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(i) Formula for Rsequence

Data for calculating Rsequence comes from two sources. One is the nucleotide sequences at which a recognizer has been shown to bind. The other is the nucleotide composition of the genome in which the recognizer functions. The sequences are aligned by one base (the zero base) to give the largest possible homology between them (see figure 9 for an example). Some positions have little variation, while others have more. We tabulate the frequency of each base B at each position L in the site, to make a table called f(B,L). Focusing on one position at a time, we want to measure the possible variations. For this we have chosen the "uncertainty" measure introduced by Shannon in 1948 (Shannon, 1948; Shannon and Weaver, 1949; Weaver, 1949; Abramson, 1963; Singh, 1966; Gatlin, 1972; Sampson, 1976; Pierce, 1980; Campbell, 1982; Schneider, 1984).

When there are M possible symbols, with probabilities Pi (such that $\gamma = 16$) , the general formula for uncertainty is

 $R_{frequency} = - \log_2 (\gamma/G) = 4$ (1)

One bit of information resolves the uncertainty of choice between two equally likely symbols. For nucleotide sequences, there are M=4 possible bases. Using the frequencies of bases as estimates for probabilities, the uncertainty is calculated as

 $\gamma/G$ (2)

(B is either A, C, G or T). The formula gives sensible results for three simple cases: 1) If only one base appears in the sequences, such as an A, then f(A,L)=1 while the other frequencies are zero. Hs(L) gives zero bits ( log 0 = 0), meaning that if we were to sequence another site, we would have no uncertainty that the next base will be an A. 2) If two bases appeared with equal frequency, [as in f(A,L)=0.5, f(C,L)=0, f(G,L)=0.5 and f(T,L)=0], our uncertainty would be 1 bit. 3) If all 4 bases appeared with equal frequencies, then f(B,L)=0.25 and the uncertainty is 2 bits.

If we sequenced randomly in the genome, and aligned sequences arbitrarily, we would see all 4 bases, with probabilities P(B) and our uncertainty about what base we would see next would be:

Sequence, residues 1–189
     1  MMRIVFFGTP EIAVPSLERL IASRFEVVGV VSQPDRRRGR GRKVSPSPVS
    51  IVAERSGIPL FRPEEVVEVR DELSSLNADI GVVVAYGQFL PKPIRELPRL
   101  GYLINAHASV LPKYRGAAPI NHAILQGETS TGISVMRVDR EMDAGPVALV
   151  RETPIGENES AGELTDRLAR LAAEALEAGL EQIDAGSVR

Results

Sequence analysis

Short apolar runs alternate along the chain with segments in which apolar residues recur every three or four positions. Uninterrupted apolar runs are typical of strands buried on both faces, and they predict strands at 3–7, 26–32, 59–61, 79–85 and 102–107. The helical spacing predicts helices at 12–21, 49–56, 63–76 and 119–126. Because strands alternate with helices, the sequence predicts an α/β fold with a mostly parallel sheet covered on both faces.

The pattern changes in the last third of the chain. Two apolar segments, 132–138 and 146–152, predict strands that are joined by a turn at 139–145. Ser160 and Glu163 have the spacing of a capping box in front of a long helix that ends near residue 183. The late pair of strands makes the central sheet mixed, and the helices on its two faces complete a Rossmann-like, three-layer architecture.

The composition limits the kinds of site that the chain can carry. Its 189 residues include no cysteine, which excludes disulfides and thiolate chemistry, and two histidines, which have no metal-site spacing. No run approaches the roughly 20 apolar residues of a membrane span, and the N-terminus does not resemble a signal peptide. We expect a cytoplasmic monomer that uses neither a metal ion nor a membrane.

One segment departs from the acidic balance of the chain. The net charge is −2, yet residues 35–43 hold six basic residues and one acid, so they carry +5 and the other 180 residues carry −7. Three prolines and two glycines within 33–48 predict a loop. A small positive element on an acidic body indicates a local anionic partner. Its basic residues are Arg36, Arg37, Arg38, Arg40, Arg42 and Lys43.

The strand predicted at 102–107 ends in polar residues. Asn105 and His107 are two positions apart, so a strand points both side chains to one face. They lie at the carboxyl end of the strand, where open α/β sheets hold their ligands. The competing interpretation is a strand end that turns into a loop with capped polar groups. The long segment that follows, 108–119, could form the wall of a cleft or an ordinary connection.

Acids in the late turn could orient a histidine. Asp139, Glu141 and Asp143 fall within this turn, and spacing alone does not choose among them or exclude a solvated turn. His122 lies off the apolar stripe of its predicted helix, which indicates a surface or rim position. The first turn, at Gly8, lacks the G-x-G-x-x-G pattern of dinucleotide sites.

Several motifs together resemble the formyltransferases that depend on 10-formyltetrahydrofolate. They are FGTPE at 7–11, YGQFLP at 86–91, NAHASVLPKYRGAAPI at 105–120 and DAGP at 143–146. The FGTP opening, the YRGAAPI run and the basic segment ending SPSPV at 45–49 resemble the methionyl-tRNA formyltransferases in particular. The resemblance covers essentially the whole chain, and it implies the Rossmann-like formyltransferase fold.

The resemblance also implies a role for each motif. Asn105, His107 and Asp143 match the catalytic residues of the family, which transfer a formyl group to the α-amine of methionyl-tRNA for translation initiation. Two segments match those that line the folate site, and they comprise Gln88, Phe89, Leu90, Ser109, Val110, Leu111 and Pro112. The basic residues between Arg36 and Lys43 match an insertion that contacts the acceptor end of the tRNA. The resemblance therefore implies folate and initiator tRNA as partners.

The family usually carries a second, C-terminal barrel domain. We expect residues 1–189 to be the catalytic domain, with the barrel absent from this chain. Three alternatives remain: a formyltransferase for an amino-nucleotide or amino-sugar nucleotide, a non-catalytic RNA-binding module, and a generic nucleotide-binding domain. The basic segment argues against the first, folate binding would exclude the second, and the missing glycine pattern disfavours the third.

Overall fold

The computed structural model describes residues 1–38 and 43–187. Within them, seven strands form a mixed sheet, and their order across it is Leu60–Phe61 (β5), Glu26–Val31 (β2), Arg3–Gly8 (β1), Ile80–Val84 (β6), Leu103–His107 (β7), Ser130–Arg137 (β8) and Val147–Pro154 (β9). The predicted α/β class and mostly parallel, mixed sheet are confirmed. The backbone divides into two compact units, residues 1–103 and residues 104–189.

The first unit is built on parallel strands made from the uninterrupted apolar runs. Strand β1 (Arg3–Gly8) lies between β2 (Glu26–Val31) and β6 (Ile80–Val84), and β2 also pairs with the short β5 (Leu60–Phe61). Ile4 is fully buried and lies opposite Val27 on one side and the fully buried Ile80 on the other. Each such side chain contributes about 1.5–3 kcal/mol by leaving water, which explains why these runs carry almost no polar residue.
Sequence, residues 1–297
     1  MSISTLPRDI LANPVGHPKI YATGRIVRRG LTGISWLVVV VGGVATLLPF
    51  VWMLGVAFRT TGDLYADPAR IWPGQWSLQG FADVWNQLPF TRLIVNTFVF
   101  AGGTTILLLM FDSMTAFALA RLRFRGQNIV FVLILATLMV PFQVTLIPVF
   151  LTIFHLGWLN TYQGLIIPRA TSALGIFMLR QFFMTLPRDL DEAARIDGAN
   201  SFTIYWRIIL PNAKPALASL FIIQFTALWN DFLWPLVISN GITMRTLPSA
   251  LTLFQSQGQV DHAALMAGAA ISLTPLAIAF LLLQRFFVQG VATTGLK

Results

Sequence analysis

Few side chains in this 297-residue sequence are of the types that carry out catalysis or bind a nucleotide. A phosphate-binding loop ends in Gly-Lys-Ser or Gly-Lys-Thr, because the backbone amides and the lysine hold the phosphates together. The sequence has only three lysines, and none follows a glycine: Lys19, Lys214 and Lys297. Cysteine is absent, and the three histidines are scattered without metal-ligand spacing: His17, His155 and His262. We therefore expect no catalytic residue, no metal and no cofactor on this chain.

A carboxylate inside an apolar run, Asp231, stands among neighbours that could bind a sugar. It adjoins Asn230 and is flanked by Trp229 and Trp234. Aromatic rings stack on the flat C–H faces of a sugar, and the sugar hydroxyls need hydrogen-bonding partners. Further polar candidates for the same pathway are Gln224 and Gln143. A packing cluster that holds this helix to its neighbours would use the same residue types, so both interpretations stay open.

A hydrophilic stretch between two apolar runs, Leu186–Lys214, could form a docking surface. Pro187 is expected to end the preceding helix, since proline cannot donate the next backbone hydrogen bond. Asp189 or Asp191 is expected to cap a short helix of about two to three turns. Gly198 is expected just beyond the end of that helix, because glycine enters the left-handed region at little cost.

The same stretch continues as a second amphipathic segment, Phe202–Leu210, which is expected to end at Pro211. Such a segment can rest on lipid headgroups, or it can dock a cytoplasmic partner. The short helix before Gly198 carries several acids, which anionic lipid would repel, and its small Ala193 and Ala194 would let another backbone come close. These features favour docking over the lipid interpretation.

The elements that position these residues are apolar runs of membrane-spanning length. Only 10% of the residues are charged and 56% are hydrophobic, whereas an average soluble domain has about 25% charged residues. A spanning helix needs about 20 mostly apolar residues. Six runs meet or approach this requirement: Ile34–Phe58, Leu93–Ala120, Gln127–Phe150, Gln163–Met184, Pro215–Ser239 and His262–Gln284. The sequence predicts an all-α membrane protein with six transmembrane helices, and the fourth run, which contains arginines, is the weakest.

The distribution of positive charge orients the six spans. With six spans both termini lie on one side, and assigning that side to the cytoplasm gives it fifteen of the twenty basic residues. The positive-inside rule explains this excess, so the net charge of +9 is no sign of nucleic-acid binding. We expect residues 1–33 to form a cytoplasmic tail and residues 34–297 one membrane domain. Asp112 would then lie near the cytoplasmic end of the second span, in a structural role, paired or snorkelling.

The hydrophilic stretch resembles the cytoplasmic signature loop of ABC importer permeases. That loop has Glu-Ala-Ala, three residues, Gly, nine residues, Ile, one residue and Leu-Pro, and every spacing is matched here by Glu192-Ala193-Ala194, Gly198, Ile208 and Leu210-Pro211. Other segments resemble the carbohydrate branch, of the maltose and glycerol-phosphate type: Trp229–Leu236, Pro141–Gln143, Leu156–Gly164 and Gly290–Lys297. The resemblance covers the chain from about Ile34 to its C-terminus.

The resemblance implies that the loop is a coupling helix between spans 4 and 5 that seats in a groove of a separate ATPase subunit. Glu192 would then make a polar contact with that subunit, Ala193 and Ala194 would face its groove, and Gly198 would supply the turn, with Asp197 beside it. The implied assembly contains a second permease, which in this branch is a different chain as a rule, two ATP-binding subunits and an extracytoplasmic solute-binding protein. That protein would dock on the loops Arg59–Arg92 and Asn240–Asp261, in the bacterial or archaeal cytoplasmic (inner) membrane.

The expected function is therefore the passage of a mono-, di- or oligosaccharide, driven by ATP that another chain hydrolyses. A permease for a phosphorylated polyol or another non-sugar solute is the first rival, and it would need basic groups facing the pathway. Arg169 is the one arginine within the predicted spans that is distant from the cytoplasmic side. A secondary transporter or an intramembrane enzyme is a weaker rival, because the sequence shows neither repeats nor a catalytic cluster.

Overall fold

$G - \gamma$ (3)

This number is close to 2 bits for the organism E. coli, considered in this paper. In contrast, when sequences are aligned at binding sites (as in typical consensus alignments) a pattern appears which decreases the uncertainty below that of randomly aligned fragments (equation (2)). For each position L the decrease would be:

 $R_{sequence} = 3.983 \pm 0.399$ (4)

This is a measure of the sequence information gained by aligning the sites. The total information gained will be the total decrease in uncertainty:

 \begin{displaymath}R_{sequence} = H_{before} - H_{after}
\;\;\;\;\;\mbox{(bits per site)}. \end{displaymath} (5)

(By summing, we make the simplifying assumption that the frequencies at one position are not influenced by those at another position. It is also possible to calculate Rsequencefrom dinucleotides or oligonucleotides [Shannon, 1951; Gatlin, 1972; Lipman and Maizel, 1982]. When dinucleotides were used for ribosome binding sites, the total information content was not different from that given in Results, [unpublished observation]. Unfortunately, sampling error prevents one from making the calculation in most cases.)

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Next: (ii) Graphs of Rsequence Up: (a) Calculation of Rsequence Previous: (a) Calculation of Rsequence
Tom Schneider

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